Wire have been one of my favorite bands since around 1980, and their latest album, Change Becomes Us, has been earning heavy spins on household and car stereos hereabouts since its issue last month. It’s one of their finest discs ever, hands down. For longtime Wire fans, this one has been a particular treat, since it returns to song sketches crafted in the aftermath of their 1979 masterpiece, 154, but only issued in fragmentary or raw form on the live Document and Eyewitness, released when the quartet dissolved for the first time as the ’80s dawned.
With a new Wire album out, I loaded up a bunch of their older tracks — including their remarkable 154-era single “Map Ref. 41° N 93° W” — onto the car iPod when Marcia and I drove down to Asheville, North Carolina last month to visit family. “Map Ref” came on somewhere in Tennessee, and Marcia looked at the title on the dashboard display and asked “Is that a real place, and have you looked to see where it is?” As a hardcore map geek, and a 30+ year Wire fan, I was embarrassed to admit that I had not, so I asked her to use her Smart Phone to look it up and see where it was.
Imagine our surprise when Marcia discovered that the point described by those latitude and longitude coordinates was about 100 miles from our home in Des Moines, down near Centerville, Iowa! When we got back here after our holiday, I did a little research and discovered why lyricist Graham Lewis had picked that point: here’s the story.
For those who know me or have been reading my writing for more than the past ten minutes, it should come as no surprise that I immediately resolved to visit this location, since that’s how I roll. A little Google Earth research showed me that it’s actually a bit to the northwest of Centerville, on the opposite side of Lake Rathbun, where Marcia and I had vacationed for a weekend last summer.
It appeared to be in the middle of a pasture, about a mile from U.S. Highway 34. I could see that a tree-lined creek bed ran from the highway nearly to the “Map Ref” coordinates, but unfortunately, where the creek crossed under Highway 34, there appeared to be a large production facility of some sort, likely a pig enclosure based on its size and shape from above. That means people, and people means trouble for the casual trespasser. I could also see a dirt road to the west of the creek that got relatively close to the spot, so hoped I’d be able to sneak down that.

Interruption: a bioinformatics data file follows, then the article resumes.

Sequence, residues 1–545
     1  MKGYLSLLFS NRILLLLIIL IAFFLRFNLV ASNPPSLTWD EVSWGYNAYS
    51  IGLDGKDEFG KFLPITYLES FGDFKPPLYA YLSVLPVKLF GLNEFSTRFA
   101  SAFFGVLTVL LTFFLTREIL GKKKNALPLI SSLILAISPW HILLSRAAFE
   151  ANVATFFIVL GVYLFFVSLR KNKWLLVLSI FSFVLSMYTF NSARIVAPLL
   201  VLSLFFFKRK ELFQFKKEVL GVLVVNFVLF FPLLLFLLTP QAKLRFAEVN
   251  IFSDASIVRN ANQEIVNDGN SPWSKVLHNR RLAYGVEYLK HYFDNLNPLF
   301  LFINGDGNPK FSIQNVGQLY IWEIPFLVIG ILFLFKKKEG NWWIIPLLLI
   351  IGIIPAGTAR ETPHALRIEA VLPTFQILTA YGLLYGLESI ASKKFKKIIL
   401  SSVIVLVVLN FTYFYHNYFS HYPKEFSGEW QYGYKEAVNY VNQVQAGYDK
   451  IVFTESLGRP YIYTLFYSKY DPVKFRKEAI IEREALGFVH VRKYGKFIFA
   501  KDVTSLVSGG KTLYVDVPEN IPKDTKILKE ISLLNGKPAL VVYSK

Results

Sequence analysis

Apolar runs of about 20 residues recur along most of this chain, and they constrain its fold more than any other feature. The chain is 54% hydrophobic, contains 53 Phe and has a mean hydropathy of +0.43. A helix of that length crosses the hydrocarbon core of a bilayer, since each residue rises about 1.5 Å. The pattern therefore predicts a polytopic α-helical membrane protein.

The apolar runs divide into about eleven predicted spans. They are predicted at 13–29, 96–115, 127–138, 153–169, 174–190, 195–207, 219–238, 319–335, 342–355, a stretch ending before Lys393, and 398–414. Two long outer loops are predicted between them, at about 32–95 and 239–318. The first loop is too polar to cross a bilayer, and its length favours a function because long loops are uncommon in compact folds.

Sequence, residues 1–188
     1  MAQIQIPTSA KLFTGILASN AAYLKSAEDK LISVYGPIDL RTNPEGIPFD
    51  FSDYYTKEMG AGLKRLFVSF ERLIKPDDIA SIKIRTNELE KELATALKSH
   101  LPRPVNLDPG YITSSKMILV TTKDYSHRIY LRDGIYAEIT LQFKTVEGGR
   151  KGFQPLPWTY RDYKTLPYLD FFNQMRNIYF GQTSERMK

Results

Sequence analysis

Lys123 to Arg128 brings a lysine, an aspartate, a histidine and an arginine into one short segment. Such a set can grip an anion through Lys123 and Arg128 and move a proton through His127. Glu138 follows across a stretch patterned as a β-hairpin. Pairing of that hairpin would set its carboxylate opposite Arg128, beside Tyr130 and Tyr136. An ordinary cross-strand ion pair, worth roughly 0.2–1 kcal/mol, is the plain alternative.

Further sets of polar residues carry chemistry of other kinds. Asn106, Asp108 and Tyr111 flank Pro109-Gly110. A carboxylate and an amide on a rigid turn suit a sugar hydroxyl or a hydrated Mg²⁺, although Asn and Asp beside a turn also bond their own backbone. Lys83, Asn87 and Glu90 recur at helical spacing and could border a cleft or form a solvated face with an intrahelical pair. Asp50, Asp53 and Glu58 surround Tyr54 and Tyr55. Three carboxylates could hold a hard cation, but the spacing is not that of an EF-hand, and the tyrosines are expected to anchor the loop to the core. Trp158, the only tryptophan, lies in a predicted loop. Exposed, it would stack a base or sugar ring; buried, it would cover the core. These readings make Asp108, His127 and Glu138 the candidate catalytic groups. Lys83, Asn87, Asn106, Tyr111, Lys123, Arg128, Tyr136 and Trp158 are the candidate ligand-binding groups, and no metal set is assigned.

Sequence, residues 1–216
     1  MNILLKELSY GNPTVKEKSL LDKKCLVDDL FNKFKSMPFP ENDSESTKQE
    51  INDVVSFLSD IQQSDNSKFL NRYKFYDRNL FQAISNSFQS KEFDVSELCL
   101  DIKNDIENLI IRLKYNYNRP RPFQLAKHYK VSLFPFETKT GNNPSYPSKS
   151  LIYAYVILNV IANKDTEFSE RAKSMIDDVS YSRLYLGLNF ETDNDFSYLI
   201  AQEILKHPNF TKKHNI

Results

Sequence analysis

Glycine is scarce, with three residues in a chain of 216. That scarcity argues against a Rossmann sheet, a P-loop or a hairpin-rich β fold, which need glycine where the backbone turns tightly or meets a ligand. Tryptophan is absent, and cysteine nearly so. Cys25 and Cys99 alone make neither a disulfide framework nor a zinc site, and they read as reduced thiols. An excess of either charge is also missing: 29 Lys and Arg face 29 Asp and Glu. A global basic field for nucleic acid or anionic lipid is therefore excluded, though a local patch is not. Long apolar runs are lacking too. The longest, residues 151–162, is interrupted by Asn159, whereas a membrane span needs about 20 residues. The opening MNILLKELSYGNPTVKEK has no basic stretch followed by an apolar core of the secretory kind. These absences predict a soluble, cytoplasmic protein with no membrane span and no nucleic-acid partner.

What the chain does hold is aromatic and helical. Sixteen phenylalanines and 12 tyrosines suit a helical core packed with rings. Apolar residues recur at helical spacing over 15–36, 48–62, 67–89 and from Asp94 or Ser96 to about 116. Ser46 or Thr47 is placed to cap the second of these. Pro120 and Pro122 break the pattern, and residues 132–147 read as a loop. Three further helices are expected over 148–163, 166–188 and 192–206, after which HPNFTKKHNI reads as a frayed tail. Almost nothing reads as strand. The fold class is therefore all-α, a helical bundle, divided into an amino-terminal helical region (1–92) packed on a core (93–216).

Either way, I wanted to get there, and this weekend seemed the ideal time to do it, as Marcia was away in Portland, Oregon, visiting her sister, and spring had actually finally made its first sustained appearance in Iowa. I decided to mark my visit for posterity’s sake, and originally considered placing a geocache there, with my e-mail address in it, so that if any future Wire geeks arrived on the designated spot, they’d be able to share their accomplishment with me. But then, as I thought about it longer, I decided that directly announcing my trespassing tendencies was probably not the smartest course of action.
So instead, I decided to leave a Pink Flag, in honor of Wire’s seminal debut album, which also serves to this day as their website address.
I left Des Moines around 7:00 Saturday morning, and by 9:00 AM, I’d reached the nearest point on the highway to “Map Ref. 41° N 93° W”, and was disappointed to discover that the dirt road approaching the designated spot was barred by a locked, heavy-duty gate, necessary to keep the cattle behind it from venturing onto the roadway. Much of Iowa is corn, soybean or hog country, but this sector is cattle country, which means there is a lot of hardcore fencing, little of it easily crossed. Shucks.